TALLAHASSEE — Rep. Larry Cretul has heard the jokes about his accidental status as speaker of the Florida House, but with a single act this week, he left no doubt who is in charge.
On Wednesday, Cretul stripped Miami Republican Julio Robaina as a committee chairman for undermining a bill that was a priority of the attorney general.
Cretul's power play struck some as heavy-handed, while others said it was the right medicine.
"When you get tested, you must take action," said Rep. Rich Glorioso, a Plant City Republican and retired Air Force colonel. "That's the basic rule of leadership. Otherwise you lose control."
But it was a surprising move from Cretul, R-Ocala, who quickly established himself as a calming force in a House where his predecessor had resigned amid scandal.
Robaina blasted Cretul Thursday on Univision Radio, calling him un dictador and asserted cultural discrimination.
"What they are trying to do is shut up a Latino from Miami-Dade," said Robaina, a respected lawmaker who has a history of bucking his party.
Democratic Rep. Luis Garcia of Miami, who calls Robaina his best friend in the Legislature, said: "In Cuba, you have political commissars. Here, you have whips."
The bill at issue would limit contingency fees awarded to outside lawyers hired by the Attorney General's Office. Robaina, who voted for identical legislation last year, offered an amendment that provided more leeway.
On Tuesday, he successfully amended it during a meeting of the Criminal and Civil Justice Policy Council and the bill passed on a bipartisan 9-to-1 vote. Robaina said it is bad public policy to tie the hands of future attorneys general.
But Robaina was warned against doing so and critics say he is doing the bidding of trial lawyers, with an eye toward fundraising in an upcoming state Senate run. Robaina denies that and blames Cretul's actions on the man who delivered the message to back off: Miami Republican Carlos Lopez-Cantera, the House Whip.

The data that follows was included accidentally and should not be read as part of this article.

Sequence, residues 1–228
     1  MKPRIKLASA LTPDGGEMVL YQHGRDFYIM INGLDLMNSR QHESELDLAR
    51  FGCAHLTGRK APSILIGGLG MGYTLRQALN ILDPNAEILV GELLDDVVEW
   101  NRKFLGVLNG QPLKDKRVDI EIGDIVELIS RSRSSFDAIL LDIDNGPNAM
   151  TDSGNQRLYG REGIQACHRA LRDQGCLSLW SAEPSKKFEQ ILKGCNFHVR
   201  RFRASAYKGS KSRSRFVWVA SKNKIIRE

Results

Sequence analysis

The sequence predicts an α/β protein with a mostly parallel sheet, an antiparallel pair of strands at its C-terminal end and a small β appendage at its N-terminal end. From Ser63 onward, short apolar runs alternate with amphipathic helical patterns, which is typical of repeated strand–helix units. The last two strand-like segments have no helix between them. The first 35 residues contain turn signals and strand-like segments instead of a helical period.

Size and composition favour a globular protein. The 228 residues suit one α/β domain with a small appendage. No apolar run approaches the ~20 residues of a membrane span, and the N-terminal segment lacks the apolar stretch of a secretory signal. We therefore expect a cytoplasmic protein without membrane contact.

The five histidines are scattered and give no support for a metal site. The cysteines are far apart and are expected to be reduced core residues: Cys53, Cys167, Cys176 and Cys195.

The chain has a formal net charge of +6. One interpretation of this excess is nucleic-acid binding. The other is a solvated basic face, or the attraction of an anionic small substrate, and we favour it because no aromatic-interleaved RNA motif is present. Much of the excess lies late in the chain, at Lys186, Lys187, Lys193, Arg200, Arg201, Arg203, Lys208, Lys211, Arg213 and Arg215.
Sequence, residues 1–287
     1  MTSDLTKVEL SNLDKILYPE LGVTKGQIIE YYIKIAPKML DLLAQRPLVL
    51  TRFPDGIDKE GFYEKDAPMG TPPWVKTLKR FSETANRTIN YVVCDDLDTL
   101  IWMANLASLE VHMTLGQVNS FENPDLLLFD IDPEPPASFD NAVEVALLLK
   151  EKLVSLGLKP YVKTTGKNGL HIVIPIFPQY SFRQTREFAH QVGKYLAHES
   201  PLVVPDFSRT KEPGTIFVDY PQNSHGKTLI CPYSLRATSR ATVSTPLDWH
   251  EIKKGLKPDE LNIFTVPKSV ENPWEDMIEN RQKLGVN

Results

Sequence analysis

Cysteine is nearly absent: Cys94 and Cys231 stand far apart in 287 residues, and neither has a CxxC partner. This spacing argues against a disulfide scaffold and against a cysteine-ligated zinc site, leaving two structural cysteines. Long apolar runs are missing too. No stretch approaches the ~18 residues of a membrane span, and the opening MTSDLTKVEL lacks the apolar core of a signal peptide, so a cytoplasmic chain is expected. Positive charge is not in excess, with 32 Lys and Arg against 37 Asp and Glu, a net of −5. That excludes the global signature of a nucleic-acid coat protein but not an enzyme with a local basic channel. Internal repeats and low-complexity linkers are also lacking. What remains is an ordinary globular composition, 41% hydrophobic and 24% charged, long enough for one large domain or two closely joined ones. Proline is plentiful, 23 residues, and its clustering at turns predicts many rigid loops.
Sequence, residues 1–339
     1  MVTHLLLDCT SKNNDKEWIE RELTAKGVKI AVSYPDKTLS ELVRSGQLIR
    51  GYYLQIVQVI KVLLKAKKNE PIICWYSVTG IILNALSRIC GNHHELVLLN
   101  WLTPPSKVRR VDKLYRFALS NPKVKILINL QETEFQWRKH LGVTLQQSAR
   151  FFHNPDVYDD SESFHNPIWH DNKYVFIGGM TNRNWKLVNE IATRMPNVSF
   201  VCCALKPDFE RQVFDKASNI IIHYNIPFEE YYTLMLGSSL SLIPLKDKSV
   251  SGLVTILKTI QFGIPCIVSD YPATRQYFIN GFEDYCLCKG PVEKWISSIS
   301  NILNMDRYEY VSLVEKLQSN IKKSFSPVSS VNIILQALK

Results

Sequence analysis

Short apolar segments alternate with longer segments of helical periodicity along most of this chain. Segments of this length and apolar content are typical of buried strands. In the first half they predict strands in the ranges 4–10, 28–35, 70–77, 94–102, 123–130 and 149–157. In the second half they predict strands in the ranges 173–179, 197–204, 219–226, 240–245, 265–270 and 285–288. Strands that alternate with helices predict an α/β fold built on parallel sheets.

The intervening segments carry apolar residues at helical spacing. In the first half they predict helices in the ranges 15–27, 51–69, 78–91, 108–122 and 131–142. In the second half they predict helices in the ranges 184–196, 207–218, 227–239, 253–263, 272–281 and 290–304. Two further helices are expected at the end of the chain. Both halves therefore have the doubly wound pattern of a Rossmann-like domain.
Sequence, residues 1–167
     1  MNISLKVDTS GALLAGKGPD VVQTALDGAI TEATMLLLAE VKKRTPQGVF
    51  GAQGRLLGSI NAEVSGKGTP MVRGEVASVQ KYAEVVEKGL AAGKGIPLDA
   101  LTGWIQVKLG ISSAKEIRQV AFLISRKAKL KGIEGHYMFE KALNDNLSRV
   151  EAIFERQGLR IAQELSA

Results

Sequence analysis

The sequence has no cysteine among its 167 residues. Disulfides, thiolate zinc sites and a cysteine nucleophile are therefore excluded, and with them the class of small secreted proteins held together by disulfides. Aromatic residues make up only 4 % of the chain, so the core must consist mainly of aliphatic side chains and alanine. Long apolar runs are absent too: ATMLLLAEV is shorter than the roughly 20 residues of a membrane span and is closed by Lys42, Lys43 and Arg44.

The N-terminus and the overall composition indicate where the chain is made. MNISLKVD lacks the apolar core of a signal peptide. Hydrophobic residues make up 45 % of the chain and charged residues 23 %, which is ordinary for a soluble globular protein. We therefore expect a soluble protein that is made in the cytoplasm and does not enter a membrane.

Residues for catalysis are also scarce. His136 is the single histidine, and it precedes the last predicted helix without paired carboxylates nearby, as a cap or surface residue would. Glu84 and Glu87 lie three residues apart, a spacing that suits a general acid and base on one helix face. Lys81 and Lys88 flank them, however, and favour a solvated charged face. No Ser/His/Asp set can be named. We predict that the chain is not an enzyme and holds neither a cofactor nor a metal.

Robaina said Lopez-Cantera is miffed that he raised questions about Lopez-Cantera's mother getting named to the Miami-Dade Expressway Authority. Lopez-Cantera calls the accusation "unfortunate."
The web is deeply layered, touching on political and family alliances and rivalries — stark emotions raised by a bill that otherwise would have gotten little attention during a 60-day session gripped by budget cuts.
Even so, the situation served as a first test for Cretul, who has displayed a low-key management style. Cretul took over as speaker on March 3 after Ray Sansom was ousted amid controversy over taking a job at his hometown college. Cretul's speech on the opening day of the session was notable not for what he said, but for how brief it was.
Some, like Glorioso, who cautioned he was not fully aware of the Robaina case, say Cretul was entirely justified and needed to assert himself. With a leadership post, they say, comes the expectation that you are part of a team.
"We have one leader in the House and that's Larry," Glorioso said.
But others saw the move as heavy-handed and wonder if forces other than Cretul drove the decision. Cretul, who considers it an internal House issue, declined comment Friday.
The chairman of the Miami-Dade delegation, Republican Rep. Juan Zapata, worries that the area will lose clout as a result. "It's not like he killed the bill," Zapata said. "Things could have been handled differently."
Rep. Ron Saunders, D-Key West, thinks the action was less about Robaina's actions than about sending a signal to the GOP caucus.
"They need their members to vote in lockstep on the budget and other issues," he said, "and they wanted to show those consequences of failing to do so."
Times/Herald staff writer Steve Bousquet and Miami Herald reporter Beth Reinhard contributed to this report.